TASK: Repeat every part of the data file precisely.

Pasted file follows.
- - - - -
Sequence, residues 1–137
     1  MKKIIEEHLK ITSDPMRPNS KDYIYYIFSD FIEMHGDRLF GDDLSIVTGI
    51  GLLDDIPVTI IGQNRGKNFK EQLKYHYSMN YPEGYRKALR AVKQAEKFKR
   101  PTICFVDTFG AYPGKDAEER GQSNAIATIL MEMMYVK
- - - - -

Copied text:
Sequence, residues 1–137
     1  MKKIIEEHLK ITSDPMRPNS KDYIYYIFSD FIEMHGDRLF GDDLSIVTGI
    51  GLLDDIPVTI IGQNRGKNFK EQLKYHYSMN YPEGYRKALR AVKQAEKFKR
   101  PTICFVDTFG AYPGKDAEER GQSNAIATIL MEMMYVK